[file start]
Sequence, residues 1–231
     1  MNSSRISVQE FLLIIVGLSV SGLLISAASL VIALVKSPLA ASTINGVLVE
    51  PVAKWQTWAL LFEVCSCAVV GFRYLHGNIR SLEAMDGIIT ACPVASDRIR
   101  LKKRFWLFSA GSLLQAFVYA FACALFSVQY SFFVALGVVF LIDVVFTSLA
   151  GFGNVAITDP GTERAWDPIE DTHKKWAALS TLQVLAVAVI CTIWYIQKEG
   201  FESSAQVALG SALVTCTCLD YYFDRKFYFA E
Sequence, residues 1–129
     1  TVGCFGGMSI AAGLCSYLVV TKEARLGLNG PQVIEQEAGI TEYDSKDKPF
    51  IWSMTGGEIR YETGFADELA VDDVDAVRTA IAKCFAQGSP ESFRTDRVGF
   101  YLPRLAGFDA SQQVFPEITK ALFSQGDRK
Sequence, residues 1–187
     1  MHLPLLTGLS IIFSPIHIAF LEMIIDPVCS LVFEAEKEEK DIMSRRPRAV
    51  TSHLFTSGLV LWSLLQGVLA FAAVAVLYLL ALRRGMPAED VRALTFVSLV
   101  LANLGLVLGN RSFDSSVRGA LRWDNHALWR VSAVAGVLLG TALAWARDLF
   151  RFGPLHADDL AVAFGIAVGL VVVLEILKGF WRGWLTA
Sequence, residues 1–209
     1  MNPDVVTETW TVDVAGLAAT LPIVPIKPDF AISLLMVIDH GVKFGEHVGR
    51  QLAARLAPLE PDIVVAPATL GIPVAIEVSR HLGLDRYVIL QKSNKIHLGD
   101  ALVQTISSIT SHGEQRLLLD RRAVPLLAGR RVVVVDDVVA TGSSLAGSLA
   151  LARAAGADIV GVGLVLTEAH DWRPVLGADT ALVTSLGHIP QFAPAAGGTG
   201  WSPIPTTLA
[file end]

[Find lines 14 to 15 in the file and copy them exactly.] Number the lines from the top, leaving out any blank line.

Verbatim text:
   101  LANLGLVLGN RSFDSSVRGA LRWDNHALWR VSAVAGVLLG TALAWARDLF
   151  RFGPLHADDL AVAFGIAVGL VVVLEILKGF WRGWLTA